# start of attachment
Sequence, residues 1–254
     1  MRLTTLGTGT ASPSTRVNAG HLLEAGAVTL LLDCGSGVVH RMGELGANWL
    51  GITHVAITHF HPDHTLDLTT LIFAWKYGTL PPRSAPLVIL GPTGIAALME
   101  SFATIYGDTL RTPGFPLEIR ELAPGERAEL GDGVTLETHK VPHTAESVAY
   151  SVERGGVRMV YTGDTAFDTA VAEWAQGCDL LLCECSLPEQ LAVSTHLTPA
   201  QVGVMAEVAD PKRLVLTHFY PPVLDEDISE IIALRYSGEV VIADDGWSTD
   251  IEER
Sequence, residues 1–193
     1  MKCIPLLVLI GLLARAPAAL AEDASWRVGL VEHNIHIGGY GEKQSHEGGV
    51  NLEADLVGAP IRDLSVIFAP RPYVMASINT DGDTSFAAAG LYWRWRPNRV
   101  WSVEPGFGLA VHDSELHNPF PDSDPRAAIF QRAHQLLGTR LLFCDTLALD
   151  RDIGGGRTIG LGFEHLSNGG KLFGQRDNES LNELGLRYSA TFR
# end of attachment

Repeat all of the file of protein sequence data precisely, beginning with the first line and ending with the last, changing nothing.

Sequence, residues 1–254
     1  MRLTTLGTGT ASPSTRVNAG HLLEAGAVTL LLDCGSGVVH RMGELGANWL
    51  GITHVAITHF HPDHTLDLTT LIFAWKYGTL PPRSAPLVIL GPTGIAALME
   101  SFATIYGDTL RTPGFPLEIR ELAPGERAEL GDGVTLETHK VPHTAESVAY
   151  SVERGGVRMV YTGDTAFDTA VAEWAQGCDL LLCECSLPEQ LAVSTHLTPA
   201  QVGVMAEVAD PKRLVLTHFY PPVLDEDISE IIALRYSGEV VIADDGWSTD
   251  IEER
Sequence, residues 1–193
     1  MKCIPLLVLI GLLARAPAAL AEDASWRVGL VEHNIHIGGY GEKQSHEGGV
    51  NLEADLVGAP IRDLSVIFAP RPYVMASINT DGDTSFAAAG LYWRWRPNRV
   101  WSVEPGFGLA VHDSELHNPF PDSDPRAAIF QRAHQLLGTR LLFCDTLALD
   151  RDIGGGRTIG LGFEHLSNGG KLFGQRDNES LNELGLRYSA TFR